Congressional leaders have asked the defense secretary to review existing plans for the Navy’s carrier-launched drone program, expressing concerns that the written requirements are too narrowly configured and do not meet the threats and mission demands of the future.
As a result, the Defense Department’s Joint Requirement Oversight Council has launched a review of the program ahead of the Navy’s planned release of its Request for Proposals to industry.
The Navy plans to have the Unmanned Carrier Launched Airborne Surveillance and Strike (UCLASS) drone operational by 2020 and able to serve for decades to come. Navy leaders expect UCLASS to fly long endurance intelligence, surveillance and reconnaissance (ISR), and strike missions.
However, lawmakers, analysts and even some members of the Navy have expressed concern that the program’s requirements focus disproportionately ISR missions and not enough on survivability and weapons capabilities.
The House Armed Services Committee Seapower and Projection Forces Subcommittee mark-up language of the 2015 defense bill states that the Pentagon needs to rethink UCLASS requirements.
“The committee believes the Navy needs a long-range, survivable unmanned ISR-strike aircraft as an integral part of our carrier air wings as soon as possible. However, investing in a program today that does not adequately address the threat will only delay, and could preclude, investment in and fielding of the right system later,” the language states.
The mark-up requires the Secretary of Defense to examine UCLASS requirements and report his findings to the House defense committees by December 2014. In particular, the Congressional subcommittee maintains the current requirements will leave the platform ill-equipped for future threats and challenges.
In particular, low-observable or stealth specifications are needed to help the UCLASS evade increasingly sophisticated enemy air defenses and a broadly scoped payload or weapons delivery capability is needed to maximize its effectiveness for future engagements, lawmakers have said.. The UCLASS drone will need to overcome what the Pentagon refers to as anti-access/area-denial, or A2/AD threats, meaning adversaries with increasingly sophisticated long-range missiles and air defenses, among other things.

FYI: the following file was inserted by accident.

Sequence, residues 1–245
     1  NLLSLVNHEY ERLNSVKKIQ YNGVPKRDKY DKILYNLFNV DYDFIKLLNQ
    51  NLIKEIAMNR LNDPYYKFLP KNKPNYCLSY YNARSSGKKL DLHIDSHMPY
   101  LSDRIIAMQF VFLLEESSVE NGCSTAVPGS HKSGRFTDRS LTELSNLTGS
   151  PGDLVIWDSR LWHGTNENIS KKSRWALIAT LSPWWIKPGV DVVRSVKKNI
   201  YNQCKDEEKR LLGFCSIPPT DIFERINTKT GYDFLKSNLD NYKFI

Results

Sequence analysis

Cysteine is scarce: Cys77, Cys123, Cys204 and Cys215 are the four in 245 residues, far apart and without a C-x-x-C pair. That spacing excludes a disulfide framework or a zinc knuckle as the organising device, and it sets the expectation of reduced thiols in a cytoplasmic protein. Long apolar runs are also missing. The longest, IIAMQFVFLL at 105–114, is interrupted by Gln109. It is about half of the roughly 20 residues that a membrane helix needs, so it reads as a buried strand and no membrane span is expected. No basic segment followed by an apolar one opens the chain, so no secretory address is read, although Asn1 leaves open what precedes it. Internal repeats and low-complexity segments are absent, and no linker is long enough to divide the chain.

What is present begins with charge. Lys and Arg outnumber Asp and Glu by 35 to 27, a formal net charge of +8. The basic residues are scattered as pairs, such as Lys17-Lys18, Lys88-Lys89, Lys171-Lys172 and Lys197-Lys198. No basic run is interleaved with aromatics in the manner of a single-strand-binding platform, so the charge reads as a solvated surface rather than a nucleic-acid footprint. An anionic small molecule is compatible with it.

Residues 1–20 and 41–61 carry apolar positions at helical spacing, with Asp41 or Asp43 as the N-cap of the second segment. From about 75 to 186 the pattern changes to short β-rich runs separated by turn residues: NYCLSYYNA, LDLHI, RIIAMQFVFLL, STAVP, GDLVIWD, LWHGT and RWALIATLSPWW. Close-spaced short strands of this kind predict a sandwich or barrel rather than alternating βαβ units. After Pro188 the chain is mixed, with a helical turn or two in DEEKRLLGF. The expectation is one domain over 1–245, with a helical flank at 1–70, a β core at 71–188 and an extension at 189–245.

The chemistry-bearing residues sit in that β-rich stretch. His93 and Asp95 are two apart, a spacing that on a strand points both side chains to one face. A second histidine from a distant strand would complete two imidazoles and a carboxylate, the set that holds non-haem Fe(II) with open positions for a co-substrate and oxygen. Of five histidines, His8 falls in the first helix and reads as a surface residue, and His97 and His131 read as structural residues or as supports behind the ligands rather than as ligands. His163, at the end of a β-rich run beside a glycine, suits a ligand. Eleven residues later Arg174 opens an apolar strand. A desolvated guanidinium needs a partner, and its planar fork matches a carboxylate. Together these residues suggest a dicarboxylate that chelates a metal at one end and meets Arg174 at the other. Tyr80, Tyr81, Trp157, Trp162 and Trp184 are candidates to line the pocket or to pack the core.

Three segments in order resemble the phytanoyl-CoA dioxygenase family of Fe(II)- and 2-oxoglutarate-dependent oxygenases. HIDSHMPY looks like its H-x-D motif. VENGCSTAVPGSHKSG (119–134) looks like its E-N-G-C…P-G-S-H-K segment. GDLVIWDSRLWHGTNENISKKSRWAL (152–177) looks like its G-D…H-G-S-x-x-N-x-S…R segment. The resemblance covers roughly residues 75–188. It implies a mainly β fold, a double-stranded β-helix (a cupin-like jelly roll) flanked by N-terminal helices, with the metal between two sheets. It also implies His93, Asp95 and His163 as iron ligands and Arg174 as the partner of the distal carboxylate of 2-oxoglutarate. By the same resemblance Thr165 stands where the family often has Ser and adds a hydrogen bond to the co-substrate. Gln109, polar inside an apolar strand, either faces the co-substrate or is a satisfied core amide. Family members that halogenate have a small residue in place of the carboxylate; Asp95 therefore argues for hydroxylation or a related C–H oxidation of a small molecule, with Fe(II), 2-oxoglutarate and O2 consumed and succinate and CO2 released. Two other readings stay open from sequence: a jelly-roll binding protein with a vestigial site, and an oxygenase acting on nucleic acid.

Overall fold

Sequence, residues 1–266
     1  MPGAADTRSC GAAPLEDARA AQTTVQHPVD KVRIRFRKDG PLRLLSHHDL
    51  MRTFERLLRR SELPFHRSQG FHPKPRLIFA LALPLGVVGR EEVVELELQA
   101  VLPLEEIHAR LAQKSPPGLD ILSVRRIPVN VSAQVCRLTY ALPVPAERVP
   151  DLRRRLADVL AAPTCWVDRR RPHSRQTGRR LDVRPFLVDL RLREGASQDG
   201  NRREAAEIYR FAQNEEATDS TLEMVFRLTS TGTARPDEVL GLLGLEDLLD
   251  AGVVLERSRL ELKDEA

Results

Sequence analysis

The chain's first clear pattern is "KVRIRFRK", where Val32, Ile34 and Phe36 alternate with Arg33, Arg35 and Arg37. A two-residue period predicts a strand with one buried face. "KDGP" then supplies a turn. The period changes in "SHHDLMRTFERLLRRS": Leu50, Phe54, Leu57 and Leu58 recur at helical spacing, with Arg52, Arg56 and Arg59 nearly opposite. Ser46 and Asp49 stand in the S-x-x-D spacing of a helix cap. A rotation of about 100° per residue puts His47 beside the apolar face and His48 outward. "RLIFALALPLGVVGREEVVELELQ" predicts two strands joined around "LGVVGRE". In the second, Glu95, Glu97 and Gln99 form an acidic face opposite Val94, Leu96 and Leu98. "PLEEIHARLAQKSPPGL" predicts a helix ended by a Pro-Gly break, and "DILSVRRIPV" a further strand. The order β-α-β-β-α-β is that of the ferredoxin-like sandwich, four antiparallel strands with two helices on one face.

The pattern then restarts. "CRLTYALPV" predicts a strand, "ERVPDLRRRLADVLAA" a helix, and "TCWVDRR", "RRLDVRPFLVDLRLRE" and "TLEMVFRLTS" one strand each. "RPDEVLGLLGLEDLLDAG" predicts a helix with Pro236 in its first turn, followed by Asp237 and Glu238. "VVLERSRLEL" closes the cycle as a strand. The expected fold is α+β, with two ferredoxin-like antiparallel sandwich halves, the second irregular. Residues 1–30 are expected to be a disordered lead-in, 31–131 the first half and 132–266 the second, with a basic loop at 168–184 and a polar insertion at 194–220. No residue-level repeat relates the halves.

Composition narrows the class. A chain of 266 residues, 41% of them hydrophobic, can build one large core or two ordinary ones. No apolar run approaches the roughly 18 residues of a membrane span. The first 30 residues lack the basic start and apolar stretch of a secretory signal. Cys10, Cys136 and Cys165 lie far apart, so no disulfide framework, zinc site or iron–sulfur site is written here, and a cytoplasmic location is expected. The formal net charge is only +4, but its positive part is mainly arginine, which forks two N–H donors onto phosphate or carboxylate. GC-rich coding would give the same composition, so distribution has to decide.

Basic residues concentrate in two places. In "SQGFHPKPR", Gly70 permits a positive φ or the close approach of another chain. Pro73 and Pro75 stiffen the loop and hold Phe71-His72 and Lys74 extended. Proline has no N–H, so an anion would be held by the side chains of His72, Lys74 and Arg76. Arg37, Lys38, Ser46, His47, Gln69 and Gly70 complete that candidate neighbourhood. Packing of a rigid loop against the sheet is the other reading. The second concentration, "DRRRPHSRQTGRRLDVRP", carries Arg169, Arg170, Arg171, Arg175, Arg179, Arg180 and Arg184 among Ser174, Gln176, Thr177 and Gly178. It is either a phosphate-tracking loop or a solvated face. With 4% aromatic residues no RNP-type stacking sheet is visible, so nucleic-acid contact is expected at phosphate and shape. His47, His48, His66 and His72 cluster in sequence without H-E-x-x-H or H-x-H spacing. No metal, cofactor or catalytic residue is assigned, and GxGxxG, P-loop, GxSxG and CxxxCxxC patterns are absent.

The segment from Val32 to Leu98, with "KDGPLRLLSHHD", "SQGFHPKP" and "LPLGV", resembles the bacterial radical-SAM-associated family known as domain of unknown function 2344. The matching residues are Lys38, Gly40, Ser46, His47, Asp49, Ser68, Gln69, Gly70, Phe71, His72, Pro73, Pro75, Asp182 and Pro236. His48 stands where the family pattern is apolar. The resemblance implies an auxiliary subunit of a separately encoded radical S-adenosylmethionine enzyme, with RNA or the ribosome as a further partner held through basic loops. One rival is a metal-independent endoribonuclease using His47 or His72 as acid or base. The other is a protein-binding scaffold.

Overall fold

“What you will have done is take enormous capability off the table if you go with the requirements that they are locking in now. What you will be locking into is something that is a little more than a high-class surveillance vehicle that will fly over our aircraft carriers for 20 to 30 years down the road. Many people feel we need to have something that is more integrated into the air wing if we are going to keep our carriers viable and if we are going to get through A2/AD defenses,” Rep. Randy Forbes, chairman of the Seapower and Projection Forces subcommittee, told Military.com in an interview.
The Subcommittee language, which was adopted by the entire House and awaits conference with the Senate, specifies that the UCLASS will need to be able to operate in high-threat or “contested” environment.
The thrust of the debate centers around the platform can adapt over time or whether features like stealth and electronic attack need to be engineered into the original design at from the start. Forbes wants those capabilities from the beginning even though it will increase the drone’s initial price tag.
“These requirements will lock in payloads and other types of things, including potential stealth that you will never be able to go back and revisit,” Forbes added.
Navy officials said they could not comment on the proposed mark-up language, indicating they plan to wait for the results of the Congressional conference later this year, which will determine the final language of the defense bill.
Focusing more narrowly on ISR missions for the Navy restricts the technological ability of the platform and creates some redundancies as well, the Subcommittee states.
“The disproportionate emphasis in the requirements on unrefueled endurance to enable continuous intelligence, surveillance, and reconnaissance support to the carrier strike group, a capability need presumably satisfied by the planned acquisition of 68 MQ-4C Tritons, would result in an aircraft with serious deficiencies in both survivability and internal weapons payload capacity and flexibility,” the language states.
While not willing to comment publically on plans for stealth or low-observability for UCLASS, Navy program officials have consistently maintained that the program’s requirements do call for a weaponized strike platform as well as an ISR vehicle. However, the weapons capability is something that is described as incremental, meaning it will be engineered into the platform over time, Navy officials explained.
Last summer, the Navy awarded four contracts valued at $15 million for preliminary design review for the UCLASS to Boeing, General Atomics Aeronautical Systems, Lockheed Martin and Northrop Grumman.
The final Request For Proposal, which will be open to all vendors and competitors able to a produce a design that meets requirements for UCLASS, is expected later this month, Navy officials said.
Some vendors, such as Boeing, plan to propose a lower-cost platform which incrementally can achieve low-observable signatures through modular changes over time, according to a report in Aviation Week.
Lockheed and Northrop both plan to offer designs which have been engineered from the beginning as stealthy or low-observable.